2020 electorate will be least white, most diverse ever

Young voters and immigrants are set to boost Hispanic and Asian share of the voting population in the next presidential contest.
Image: A line forms outside a polling site on election day in Atlanta, Georgia, on Nov. 6, 2018.
A line outside a polling site on Election Day in Atlanta last year. David Goldman / AP file

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By Benjy Sarlin

WASHINGTON — The 2020 electorate will be the most diverse yet, according to a report released Wednesday by the Pew Research Center.

One-third of all eligible voters will be nonwhite — a new high — driven by younger voters aging into the electorate for the first time and older voters aging out. Immigration is also a factor, with 10 percent of potential voters expected to have been born abroad, up from 6 percent in 2000.

For the first time, Hispanic voters are expected to be the largest nonwhite portion of the electorate at 13.3 percent, overtaking black voters who are projected to make up 12.5 percent of the voting pool. That's a big ongoing shift from 2000, when Hispanic voters accounted for just 7.4 percent of the electorate. Asian voters are projected to make up 4.7 percent of the vote in 2020, up from 2.5 percent in 2000.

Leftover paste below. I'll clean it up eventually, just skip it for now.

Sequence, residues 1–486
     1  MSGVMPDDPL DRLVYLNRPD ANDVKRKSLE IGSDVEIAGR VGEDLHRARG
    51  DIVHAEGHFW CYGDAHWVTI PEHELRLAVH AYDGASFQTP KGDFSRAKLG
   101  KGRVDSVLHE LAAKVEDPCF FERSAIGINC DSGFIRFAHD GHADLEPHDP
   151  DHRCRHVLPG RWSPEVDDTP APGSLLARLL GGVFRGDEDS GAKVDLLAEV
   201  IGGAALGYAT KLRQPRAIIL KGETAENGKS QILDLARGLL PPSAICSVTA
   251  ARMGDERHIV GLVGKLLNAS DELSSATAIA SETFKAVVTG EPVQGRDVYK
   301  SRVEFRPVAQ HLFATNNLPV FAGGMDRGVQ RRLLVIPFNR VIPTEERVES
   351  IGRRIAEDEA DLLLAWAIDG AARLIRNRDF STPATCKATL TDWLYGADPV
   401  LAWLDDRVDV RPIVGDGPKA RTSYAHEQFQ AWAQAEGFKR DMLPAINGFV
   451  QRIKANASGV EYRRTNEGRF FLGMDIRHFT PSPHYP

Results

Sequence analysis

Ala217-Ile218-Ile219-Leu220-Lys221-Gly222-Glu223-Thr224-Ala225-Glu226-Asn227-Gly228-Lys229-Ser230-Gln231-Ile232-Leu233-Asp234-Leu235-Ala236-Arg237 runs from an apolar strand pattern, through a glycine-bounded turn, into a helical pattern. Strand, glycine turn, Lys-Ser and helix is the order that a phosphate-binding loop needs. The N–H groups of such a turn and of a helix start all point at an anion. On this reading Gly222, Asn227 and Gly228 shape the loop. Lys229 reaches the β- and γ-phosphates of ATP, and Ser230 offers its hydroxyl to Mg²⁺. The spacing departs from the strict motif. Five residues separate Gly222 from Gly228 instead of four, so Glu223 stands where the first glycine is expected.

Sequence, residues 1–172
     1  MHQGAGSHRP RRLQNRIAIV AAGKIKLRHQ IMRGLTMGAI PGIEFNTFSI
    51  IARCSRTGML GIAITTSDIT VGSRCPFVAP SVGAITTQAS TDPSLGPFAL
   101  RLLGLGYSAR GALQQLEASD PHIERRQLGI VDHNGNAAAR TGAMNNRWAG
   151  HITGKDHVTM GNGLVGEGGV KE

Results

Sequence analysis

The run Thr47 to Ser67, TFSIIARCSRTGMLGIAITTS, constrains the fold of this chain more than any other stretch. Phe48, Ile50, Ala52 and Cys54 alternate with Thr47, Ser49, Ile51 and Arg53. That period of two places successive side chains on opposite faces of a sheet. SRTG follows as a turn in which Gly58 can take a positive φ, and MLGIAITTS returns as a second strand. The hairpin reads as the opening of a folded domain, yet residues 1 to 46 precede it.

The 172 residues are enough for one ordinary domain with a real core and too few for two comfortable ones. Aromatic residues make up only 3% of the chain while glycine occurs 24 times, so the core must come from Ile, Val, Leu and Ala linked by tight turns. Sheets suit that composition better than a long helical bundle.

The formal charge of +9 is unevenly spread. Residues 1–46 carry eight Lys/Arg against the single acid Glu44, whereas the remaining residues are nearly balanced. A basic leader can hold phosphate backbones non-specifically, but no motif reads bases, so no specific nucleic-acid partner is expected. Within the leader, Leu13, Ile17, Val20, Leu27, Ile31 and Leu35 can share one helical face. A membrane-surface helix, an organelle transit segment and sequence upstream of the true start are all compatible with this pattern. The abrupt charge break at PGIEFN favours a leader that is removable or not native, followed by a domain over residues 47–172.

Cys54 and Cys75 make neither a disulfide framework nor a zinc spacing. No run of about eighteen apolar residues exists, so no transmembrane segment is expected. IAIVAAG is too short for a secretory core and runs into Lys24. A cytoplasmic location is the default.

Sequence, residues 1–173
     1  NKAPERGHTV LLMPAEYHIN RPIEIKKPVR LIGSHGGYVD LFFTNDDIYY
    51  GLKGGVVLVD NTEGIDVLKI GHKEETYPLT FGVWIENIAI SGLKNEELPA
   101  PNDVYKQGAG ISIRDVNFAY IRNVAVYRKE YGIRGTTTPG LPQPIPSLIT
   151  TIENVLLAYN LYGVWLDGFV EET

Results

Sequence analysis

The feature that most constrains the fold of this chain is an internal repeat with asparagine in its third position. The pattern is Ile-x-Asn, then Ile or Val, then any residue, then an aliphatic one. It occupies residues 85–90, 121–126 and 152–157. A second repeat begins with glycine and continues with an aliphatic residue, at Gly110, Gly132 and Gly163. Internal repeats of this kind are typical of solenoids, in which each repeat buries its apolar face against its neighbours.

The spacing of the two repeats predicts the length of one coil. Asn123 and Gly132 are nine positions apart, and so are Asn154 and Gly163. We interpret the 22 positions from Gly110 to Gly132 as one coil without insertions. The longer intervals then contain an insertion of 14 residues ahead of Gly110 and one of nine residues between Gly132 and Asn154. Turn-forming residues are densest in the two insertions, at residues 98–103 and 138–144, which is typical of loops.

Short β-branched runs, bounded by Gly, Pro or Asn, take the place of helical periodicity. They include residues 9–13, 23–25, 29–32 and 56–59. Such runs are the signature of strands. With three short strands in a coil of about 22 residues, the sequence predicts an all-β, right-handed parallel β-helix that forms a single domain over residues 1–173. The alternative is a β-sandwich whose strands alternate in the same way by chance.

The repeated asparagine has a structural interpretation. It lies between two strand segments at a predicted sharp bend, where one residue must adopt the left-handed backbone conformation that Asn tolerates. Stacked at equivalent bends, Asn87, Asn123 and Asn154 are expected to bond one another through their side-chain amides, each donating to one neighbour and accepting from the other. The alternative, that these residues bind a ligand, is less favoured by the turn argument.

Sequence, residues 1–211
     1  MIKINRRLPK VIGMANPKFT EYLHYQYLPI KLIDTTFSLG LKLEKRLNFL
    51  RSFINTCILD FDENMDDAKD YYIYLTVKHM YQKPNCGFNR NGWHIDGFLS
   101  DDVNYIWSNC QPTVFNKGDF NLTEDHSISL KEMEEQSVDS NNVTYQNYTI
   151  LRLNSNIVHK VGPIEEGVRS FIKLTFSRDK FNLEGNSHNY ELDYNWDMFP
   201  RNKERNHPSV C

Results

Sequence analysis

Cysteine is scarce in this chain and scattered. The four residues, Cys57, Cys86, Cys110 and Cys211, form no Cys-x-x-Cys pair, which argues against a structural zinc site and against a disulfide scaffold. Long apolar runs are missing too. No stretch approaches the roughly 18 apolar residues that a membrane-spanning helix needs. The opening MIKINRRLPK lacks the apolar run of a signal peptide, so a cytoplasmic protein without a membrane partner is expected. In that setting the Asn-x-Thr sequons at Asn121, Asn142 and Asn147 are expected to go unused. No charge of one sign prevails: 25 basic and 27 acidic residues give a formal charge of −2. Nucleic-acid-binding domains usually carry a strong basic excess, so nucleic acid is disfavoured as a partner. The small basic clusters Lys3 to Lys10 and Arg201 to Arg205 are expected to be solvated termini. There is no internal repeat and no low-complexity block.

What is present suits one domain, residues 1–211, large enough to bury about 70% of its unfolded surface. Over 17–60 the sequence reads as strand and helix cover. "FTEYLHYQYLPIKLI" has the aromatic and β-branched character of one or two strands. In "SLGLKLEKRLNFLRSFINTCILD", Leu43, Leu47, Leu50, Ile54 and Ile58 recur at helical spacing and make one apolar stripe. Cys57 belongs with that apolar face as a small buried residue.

The election marks the emergence of Generation Z — the generation after millennials, who were born after 1996 — into the electorate. Ten percent of the eligible electorate will be in this cohort, up from 4 percent in 2016. Millennials will make up about the same share as they did in 2016 at 27 percent, while Generation X will make up 25 percent, Baby Boomers 28 percent, and the Silent Generation (those born before 1946) and older 9 percent.

But the generational shifts don't necessarily mean the actual population that shows up to vote in the presidential contest will change in the same way. Older voters tend to turn out at much higher rates than younger voters, which could limit Generation Z's effects on the race.

The rise of younger, more diverse, and more ideologically liberal generations into the voting population presents some challenges for the Republican Party, however, who have relied on outsize performances among older white voters to generate victories in recent cycles.

If President Donald Trump can't make deeper inroads with these voters in 2020, he may have to boost his own turnout and margins among white voters to greater heights to win re-election after a 2016 victory in which he lost the popular vote, but narrowly carried key states.